Wednesday, August 20, 2008

Shakti: Dialogues of Bollywood Actresses

A good blog post deserves another. JAP has extended his erudition to Bollywood and written very entertainingly on the wonderful lines that our stars have maaro-ed in landmark films. He has ended his post with a thought on the lack (or paucity) of great lines uttered by women on-screen - which obviously merits a long post (and that's the one you are about to read).
Indeed, it is worth a sweat to see if there are lines beyond "Beta, yeh to khushi ke aansoo hain" and "Nahhhhiiiinnnn"!

Indian heroines - mothers, sisters, heroines - have simpered in the background for most part and even when they have come to the foreground with a solid author-backed role, they have remained the stoic, silent and resilient types - leaving the chest-thumping part to Sunny Deol and the like.
Jaya Bhaduri, Nutan, Meena Kumari did tons of roles like that and won megatons of awards but I cannot think of a single dialogue from Kora Kagaz, Bandini or Pakeezah. Bobby said "Mujhse dosti karoge?" and that was it. Rekha did a landmark tawaif role in Muqaddar Ka Sikandar and all I remember is the song, Salaam-e-Ishq.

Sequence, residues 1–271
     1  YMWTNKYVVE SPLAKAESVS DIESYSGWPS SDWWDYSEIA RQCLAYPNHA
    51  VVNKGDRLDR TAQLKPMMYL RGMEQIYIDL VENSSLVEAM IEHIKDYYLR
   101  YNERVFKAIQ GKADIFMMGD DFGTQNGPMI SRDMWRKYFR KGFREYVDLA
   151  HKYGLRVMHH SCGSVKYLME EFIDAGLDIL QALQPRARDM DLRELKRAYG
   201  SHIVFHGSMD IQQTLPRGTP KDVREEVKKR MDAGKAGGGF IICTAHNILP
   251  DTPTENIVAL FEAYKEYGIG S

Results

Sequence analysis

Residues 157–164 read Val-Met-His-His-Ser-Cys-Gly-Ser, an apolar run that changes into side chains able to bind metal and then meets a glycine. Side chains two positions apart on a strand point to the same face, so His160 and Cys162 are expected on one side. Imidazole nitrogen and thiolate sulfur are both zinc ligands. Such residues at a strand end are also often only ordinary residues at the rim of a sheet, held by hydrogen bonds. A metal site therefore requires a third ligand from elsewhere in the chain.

So much so, when I sit down to compile the list of my favourite dialogues by actresses, I am often stumped because I clearly remember the context and the content but the exact words often escape me.
This was definitely not a problem for me when I compiled my list of favourite dialogues (which, by an unhappy coincidence, were all by actors) and I got the words down exactly. But trying to recall my favourite dialogues by actresses, I had trouble recalling the exact words.
But even then, I believe that there can still be a substantial list consisting of the best words spewed by a woman - usually in the context of a complicated quote involving hell, fury and scorn!

Hema Malini is arguably the most successful Hindi film heroine of all times. She ruled tinsel town from mid-60s to end-70s (early 80s?) and looks breathtakingly beautiful in her Baghban-type roles even now.
She spoke so much in Sholay that you were hard-pressed to remember the memorable lines from the encyclopaedia. Of course, there is the landmark Chal Dhanno, aaj tere Basanti ka izzat ka sawaal hain, which immortalised Dhanno in filmi folklore!
But my favourite is the one in which she shatters all notions about simple village folk by saying, Basanti tum jaiso ko tange mein bithake gaon ke char chakkar lagake taisun tak chhod sakti hain... Haan!
But her all-time bestest line has to be the one from Seeta Aur Geeta, in which she hit back at her aunt's (Manorama) pseudo-affectionate Neeche aa jaa, beti with a super-cocky Upar aa ja, Moti! Of course, you remember that she was sitting on a ceiling fan in a police station when she said that.

Deewaar turned the fortune of two people. The obvious one is Amitabh Bachchan. It also cemented Nirupa Roy's position as the Ultimate Mother Icon of Bollywood.